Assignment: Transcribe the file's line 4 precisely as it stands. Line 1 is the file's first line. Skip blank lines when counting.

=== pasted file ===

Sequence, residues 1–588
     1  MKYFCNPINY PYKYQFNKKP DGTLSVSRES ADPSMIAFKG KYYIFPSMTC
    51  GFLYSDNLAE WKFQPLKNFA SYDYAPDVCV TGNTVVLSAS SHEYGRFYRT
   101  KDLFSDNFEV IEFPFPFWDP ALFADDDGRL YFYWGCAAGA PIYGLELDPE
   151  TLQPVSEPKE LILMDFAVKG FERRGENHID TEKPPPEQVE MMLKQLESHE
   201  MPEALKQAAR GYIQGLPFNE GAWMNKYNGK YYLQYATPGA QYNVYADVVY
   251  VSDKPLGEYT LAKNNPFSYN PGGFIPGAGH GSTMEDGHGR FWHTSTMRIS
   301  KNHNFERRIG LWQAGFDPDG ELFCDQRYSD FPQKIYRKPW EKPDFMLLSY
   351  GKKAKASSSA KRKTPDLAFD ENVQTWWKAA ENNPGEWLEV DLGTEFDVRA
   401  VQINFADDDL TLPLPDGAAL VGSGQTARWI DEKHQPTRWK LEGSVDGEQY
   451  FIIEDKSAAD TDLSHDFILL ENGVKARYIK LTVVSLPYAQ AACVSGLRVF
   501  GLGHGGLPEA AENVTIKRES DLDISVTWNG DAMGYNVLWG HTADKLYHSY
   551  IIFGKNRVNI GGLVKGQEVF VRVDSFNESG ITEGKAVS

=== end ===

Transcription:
   101  KDLFSDNFEV IEFPFPFWDP ALFADDDGRL YFYWGCAAGA PIYGLELDPE